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CorroZoom: Roger Newman: The effect of alloy composition on molten salt corrosion- Dealloying, but not as we know it

2023-03-02 @ 15:00 - 16:30

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The effect of alloy composition on molten salt corrosion- Dealloying, but not as we know it 


Roger Newman

University of Toronto, Canada


This talk will be based mainly on the recent PhD research of Dr. Touraj Ghaznavi, with other comparison material as required. Molten salt corrosion is topical in several technologies, including small modular molten-salt nuclear reactors. Our research has been focused on NiFe and NiCrFe alloys, but the general principles should be applicable to other solid-solution alloy systems that show dealloying, with the formation of nano- or micro-porous dealloyed layers.

There are two kinds of dealloying threshold, or parting limit, that are familiar at ambient temperatures in aqueous electrolytes. One is in the 50-60 at.% range of less-noble (LN) metal content (example: AuAg). The other is close to 20 at.% LN content (example: CuZn). Both these compositions have a meaning within percolation theory, as discussed by Artymowicz et al. [1]. It is recognized that increasing kinetics of surface diffusion of the more-noble (MN) metal (or surface exchange of MN metal and its ions, as in the brass example) reduce the parting limit by exposing otherwise inaccessible paths rich in LN metal. With this background, we can expect a further reduction in the parting limit at the high temperatures where we get molten salt corrosion. We can also expect that with sufficient increase in temperature, lattice diffusion of alloying elements will start to affect the kinetics and/or the morphology of the dealloyed material. Both these expectations have been realized in Dr. Ghaznavi’s work using molten chloride salts, but with several surprises along the way.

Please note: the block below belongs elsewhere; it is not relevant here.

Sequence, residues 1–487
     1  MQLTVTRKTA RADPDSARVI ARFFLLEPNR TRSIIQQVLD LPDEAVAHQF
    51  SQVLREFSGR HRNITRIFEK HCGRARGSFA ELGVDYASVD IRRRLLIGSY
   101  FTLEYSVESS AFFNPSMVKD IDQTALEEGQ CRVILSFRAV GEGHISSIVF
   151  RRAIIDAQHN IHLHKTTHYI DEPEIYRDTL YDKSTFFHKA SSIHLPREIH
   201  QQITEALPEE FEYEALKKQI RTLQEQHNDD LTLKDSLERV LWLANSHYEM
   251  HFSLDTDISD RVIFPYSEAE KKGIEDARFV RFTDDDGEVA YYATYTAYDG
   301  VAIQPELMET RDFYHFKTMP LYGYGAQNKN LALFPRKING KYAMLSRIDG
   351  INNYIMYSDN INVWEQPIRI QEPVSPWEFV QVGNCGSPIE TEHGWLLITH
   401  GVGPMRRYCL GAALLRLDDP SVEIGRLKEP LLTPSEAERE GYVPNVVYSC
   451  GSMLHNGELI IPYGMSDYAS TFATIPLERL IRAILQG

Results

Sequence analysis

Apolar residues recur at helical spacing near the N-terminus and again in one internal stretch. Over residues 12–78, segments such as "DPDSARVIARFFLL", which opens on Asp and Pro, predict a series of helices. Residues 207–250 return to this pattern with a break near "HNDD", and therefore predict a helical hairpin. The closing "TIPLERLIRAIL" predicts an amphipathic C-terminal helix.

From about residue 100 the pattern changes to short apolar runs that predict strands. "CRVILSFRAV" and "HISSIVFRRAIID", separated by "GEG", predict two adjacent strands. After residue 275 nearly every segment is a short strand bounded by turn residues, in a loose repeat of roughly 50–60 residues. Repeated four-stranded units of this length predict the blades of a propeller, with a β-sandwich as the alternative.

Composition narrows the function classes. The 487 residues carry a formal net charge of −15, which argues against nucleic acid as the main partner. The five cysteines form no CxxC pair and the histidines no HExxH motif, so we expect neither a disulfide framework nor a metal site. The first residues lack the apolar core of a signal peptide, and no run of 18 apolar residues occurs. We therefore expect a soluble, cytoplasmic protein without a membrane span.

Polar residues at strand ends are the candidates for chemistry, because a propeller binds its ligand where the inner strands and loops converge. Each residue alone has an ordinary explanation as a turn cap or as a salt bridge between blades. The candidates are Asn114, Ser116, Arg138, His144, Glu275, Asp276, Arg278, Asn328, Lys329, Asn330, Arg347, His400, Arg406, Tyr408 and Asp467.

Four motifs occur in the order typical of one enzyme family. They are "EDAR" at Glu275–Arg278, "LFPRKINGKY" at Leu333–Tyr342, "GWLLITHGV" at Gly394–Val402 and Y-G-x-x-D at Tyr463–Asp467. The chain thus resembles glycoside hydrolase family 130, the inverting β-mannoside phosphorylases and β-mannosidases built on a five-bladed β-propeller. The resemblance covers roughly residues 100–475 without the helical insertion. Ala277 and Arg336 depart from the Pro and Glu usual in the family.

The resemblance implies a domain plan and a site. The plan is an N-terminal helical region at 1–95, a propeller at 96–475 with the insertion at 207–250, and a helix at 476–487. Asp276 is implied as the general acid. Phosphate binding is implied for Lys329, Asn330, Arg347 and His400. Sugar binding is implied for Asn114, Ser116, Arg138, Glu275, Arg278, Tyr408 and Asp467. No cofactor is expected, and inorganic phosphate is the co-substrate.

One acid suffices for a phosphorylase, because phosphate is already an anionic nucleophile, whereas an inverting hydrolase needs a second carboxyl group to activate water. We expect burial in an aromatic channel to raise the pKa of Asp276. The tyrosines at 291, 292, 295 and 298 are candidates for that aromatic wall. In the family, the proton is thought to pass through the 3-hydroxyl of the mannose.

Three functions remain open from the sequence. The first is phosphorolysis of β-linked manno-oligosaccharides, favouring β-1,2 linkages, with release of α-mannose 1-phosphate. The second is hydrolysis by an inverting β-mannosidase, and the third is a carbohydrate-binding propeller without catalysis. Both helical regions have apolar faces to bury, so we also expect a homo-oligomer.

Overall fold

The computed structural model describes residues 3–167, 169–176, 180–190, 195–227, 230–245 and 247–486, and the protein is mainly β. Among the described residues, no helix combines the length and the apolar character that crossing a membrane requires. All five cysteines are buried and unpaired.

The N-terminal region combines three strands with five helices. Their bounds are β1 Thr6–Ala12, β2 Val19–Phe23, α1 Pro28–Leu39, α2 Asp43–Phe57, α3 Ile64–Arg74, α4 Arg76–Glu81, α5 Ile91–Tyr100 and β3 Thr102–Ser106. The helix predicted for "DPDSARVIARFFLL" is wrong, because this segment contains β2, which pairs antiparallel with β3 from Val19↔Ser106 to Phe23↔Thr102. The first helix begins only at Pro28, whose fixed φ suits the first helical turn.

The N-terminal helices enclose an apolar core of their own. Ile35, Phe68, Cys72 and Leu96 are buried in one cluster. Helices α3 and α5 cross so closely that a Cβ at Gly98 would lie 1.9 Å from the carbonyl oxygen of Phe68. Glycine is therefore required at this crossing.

[1] D.M. Artymowicz, J. Erlebacher, and R.C. Newman, Relationship between the parting limit for de-alloying and a particular geometric high-density site percolation threshold, Philosophical Magazine 89(21) (2009) 1663-1693.



Roger Newman is Professor and UNENE Research Chair in the Department of Chemical Engineering and Applied Chemistry at the University of Toronto (UofT). Before joining UofT in 2004, he spent 20 years in the Corrosion and Protection Centre, UMIST, Manchester, UK. Prior to that, he spent several years at Brookhaven National Laboratory in the US. His main research interests have been localized corrosion, stress corrosion cracking, passivity, and dealloying. He also has an active program in metallic nanomaterials. He has ongoing research with the nuclear power, nuclear waste management, and natural gas (GTL) industries. Some decades ago, he was very active in corrosion issues in the pulp and paper industry, and oil and gas production.


15:00 - 16:30